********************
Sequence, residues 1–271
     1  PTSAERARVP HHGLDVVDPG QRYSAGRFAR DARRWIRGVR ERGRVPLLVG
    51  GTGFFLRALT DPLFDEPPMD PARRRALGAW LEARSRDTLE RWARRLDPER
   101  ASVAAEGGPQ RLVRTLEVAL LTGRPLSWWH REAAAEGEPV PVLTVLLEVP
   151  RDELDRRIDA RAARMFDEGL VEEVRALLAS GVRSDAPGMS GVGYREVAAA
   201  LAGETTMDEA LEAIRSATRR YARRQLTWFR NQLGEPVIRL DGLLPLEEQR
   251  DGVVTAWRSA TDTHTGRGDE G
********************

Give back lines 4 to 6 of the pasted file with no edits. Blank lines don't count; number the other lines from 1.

   101  ASVAAEGGPQ RLVRTLEVAL LTGRPLSWWH REAAAEGEPV PVLTVLLEVP
   151  RDELDRRIDA RAARMFDEGL VEEVRALLAS GVRSDAPGMS GVGYREVAAA
   201  LAGETTMDEA LEAIRSATRR YARRQLTWFR NQLGEPVIRL DGLLPLEEQR